Word Proccessors Killing the Written Word

“Hello, it looks like you are writing a letter… would you like some help?” – Clippit (Office 97 – 2002)
“Press F7 for an automatic spellcheck” – Word Processing Instructors everywhere
How many times per day do you try to write something and then notice that something is misspelled, then you right-click that little wavy line under a word? Do you consider what is over time happening to our culture as a result? What about to your personal intellect? If every time you have a spelling error, you use the checker to check yourself, how long will it take for you to learn how to spell the word yourself? Will you ever? I personally have many words I can’t spell without the aide of a spell checker, such as necessary.
I have been doing a lot of writing in NotePad, and WordPad recently and I noticed that I feel so much freer to write when I am not bound by the constraints of the analytical “intelligent” word processing tools. Another thing that has tripped this is how absolutely horrible the form-field spell checker in Mozilla FireFox presently is. I am told that it is based on a dictionary that is part of the OpenOffice.org project. I feel so distracted when I am having to continually deal with those little red lines everywhere, especially when I am typing something proper and the spell checker is deciding that it should alert anyway.
For effective communication, we must operate our language within a certain set of rules, but when it comes to some of these rules for the English language, it is just purely an anal fixation that demands their existence. An example would be the comma rules, while it is good to separate portions of thought, its presence or not before every and or or is simply annoying. Language is part of culture, much like art, music and food. The acceptance of music, art or food does not depend on some great authority mandating its “rules”. Music and art must be pleasing to the aesthetic taste and food must be pleasing to the palette. Shouldn’t language be pleasing to the ear and easy to read, not a complex collection of protocol requiring a syntax road map for proper functionality?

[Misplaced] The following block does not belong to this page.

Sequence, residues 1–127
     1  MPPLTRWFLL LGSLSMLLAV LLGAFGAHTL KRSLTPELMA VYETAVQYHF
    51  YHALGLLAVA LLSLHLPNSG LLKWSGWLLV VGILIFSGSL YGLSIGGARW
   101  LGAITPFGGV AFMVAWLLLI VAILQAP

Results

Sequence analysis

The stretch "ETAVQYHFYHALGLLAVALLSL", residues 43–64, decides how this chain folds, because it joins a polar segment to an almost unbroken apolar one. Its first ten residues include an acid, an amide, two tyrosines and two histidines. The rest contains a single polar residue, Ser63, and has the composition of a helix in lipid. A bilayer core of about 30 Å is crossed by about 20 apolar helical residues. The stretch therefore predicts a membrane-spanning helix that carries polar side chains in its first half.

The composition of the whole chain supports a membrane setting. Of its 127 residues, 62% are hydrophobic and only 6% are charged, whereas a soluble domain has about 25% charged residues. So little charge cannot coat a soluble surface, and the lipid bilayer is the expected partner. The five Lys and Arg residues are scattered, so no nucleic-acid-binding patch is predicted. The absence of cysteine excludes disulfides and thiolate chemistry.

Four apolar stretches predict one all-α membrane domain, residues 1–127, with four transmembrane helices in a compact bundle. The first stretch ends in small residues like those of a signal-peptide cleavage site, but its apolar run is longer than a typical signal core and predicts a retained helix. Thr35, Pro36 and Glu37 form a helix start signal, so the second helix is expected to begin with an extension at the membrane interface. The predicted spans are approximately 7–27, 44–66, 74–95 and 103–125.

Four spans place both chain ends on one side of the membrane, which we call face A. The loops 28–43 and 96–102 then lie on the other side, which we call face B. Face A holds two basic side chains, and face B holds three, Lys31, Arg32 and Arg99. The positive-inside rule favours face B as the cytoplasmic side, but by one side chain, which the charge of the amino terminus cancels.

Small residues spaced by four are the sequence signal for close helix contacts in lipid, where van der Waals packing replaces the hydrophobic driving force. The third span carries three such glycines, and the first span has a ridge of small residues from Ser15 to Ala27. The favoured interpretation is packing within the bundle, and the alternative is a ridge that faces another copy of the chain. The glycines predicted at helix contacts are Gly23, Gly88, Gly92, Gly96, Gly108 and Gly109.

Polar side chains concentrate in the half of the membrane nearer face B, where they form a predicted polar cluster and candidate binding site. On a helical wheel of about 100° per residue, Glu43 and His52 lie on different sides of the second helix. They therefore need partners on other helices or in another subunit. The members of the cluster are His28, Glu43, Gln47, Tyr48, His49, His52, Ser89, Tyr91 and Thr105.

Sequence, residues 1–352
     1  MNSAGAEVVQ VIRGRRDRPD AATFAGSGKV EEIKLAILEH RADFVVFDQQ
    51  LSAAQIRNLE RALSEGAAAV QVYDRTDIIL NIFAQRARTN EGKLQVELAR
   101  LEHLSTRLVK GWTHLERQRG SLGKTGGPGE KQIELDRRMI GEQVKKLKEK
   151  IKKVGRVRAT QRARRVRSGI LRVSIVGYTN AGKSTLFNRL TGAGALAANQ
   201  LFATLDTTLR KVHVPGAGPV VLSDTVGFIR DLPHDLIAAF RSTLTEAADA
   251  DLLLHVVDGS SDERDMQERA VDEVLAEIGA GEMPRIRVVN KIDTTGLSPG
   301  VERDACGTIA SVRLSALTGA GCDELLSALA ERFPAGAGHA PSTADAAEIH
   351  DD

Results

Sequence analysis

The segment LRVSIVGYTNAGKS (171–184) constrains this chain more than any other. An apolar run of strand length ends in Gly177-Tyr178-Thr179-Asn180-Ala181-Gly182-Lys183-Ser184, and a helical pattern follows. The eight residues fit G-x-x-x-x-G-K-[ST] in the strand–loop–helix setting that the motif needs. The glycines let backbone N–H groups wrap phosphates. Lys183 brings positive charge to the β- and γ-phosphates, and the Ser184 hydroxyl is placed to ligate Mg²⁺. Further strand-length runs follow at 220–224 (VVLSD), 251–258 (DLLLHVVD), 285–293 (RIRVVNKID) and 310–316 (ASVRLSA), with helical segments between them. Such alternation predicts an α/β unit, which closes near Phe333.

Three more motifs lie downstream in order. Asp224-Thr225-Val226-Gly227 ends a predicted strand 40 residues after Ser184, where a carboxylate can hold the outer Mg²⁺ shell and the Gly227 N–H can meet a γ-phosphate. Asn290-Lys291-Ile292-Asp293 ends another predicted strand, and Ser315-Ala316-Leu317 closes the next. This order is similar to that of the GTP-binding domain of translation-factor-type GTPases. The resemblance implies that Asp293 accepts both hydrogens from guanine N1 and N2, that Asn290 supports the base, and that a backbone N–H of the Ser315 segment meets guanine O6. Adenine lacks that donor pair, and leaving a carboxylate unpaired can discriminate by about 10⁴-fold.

About that whole cultural thing…. as some of you may recall, my mother published a cookbook several years ago. When the initial draft review came back from the printer, it was covered in red markings, highlighting things like “cooky” as being spelled incorrectly. The cookbook is a collection of recipes that have been saved for hundred of years in my family, several of those recipes having some things spelled in an older version of the English language, when both “cooky” and “cookie” were technically correct. My mother decided to leave the “misspellings” intact because of the nature of the book, a collection of recipes from the family, and a tribute to thousands of family events involving food that have occurred over the years. Many of the final adoptions of words in this language that were then up for debate are unknown as to their reasoning. The best information that we have for “cooky” and “cookie” is that the plural has always been “cookies”, and since we hardly ever speak of one cookie, the language was simplified to have a uniform “cookie” that follows the standard pluralization transformation of “add s”.
If we are electronically held to the current version of English, then the language has very little chance of progressing to something more useful, or being melded with a more versatile language, such as French.
Erin – good luck with your English degree, this wasn’t meant to be an offensive post to you.
Guy – you are a linguist, it doesn’t apply to you, but you knew that already.